The Honey Mans Buzy Week

inspecting bee hives

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My wife is constantly complaining that I’m always busy with my bees and not doing her jobs. So I thought I would write a note because she likes to read but doesn’t like to listen. And now it is on the world wide web she can refer to this post for to find me in a buzy week.

In the Lake Macquarie NSW, the peak honey harvest season runs from the beginning of October to around the end of April. In season I would hope to extract honey from each hive once per month. At the moment with the drought, I am struggling to get one lot of honey per season. If we weren’t in drought, and the trees were in full bloom, the bees could fill a box in a week.

On my hives, I usually have 2 honey boxes. This is where the bees store their honey, as opposed to the brood box where the queen lives and lays her eggs.

My hives are all 8 frame gear. The option is 8 frame or 10 frame, but 10 frame hive is too heavy for an old bugger like me.

From a full box, I could get 18 kgs of honey which includes any honey in burcomb in the lid (see photo) and honey in the cappings. I run the cappings though my solar wax melter which melts the wax and separates it from any honey.

My Buzy Week as a Bee Keeper

inspecting bee hives

Monday, look at a hive, if there is burcomb in the lid, collect it. If there is a box ready to be harvested, swap the two boxes and up an escape on. Put the burcomb in a strainer sitting on a 15 litre bucket.

Tuesday, extract the honey and run it through the same strainer as the burcomb.  Look at next hive, and set it up to be robbed on Wednesday.

Wednesday morning, put the burcomb and cappings from the first hive into a wax melter. Wednesday night, pour the honey from the melter through the strainer and wash off the wax. All the honey has been collected and is then stored in 10 litre buckets. This process is over 3 days, with me robbing one hive per day.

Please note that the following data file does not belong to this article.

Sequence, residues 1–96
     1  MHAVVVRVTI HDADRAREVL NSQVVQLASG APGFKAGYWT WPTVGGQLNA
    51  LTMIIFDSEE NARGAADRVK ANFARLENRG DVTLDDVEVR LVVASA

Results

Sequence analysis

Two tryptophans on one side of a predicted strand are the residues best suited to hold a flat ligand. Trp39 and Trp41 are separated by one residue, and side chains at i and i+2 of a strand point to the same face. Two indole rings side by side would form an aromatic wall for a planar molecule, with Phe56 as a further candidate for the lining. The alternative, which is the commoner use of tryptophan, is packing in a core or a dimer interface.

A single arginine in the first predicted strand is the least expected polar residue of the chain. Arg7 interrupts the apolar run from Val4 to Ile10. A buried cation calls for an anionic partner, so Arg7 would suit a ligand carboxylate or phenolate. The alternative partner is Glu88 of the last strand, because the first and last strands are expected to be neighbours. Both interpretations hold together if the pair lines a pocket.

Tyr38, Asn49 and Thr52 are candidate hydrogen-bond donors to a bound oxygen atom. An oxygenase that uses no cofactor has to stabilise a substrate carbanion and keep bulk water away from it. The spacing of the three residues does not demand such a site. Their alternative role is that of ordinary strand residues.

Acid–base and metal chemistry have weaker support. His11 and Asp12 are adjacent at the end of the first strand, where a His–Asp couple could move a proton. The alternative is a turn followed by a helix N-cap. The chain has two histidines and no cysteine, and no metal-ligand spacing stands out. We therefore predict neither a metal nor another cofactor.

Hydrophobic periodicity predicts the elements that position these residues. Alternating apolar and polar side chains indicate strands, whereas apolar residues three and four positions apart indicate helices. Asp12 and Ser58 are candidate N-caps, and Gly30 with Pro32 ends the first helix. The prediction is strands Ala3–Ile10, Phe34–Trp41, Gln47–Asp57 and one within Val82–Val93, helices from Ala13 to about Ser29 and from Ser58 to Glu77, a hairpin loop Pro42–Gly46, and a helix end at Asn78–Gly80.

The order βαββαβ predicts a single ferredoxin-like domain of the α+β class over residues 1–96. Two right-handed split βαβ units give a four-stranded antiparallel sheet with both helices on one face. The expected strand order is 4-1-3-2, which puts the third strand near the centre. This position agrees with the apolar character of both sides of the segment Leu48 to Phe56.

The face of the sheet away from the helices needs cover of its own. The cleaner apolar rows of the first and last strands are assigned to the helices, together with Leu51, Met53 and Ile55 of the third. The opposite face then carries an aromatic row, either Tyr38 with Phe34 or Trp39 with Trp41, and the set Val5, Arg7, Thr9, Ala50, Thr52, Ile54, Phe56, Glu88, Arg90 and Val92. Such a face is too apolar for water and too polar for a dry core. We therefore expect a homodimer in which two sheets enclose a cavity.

Thursday I pack honey. I have about 3 tonnes of honey package and ready for shipment.

Friday I uncandy the winter honey. Going into winter, the honey candies (a natural honey crystalisation process) and at the end of winter when the weather starts to warm the honey doesn’t magically uncandy by itself. Each kilo has to be uncandied.

I store my honey in 10 litre buckets (easier to handle for an old bugger like me) and have a heater box, about a half metre cubed with a globe in the bottom of it. It takes about 2 days for the gentle warmth to uncandy a bucketful, so I have different honeys lined up for their turn.

Saturday & Sunday I go to sell my honey at the markets. My Highland Honey Market Calendar is here, I know my wife likes to have epic reminders.

Going to markets involves preparing and packing the whole store in the back of my Iveco van. And then unpacking it when I get home.

That is why using Highland Honey Online Store has been great. I know there is demand for our honey grown in The Lake Macquarie and Northern NSW Highlands. Our customers love that our techniques of apiary and hive extraction and processing is gentle and minimises loss of goodness.

If you are local to our markets you can choose from our product line, order and pay online, then collect at our next market. Saves you a lot on postage. And you get a free taster for your next order.

If you are far away then here are some suggestions that you can add to your cart.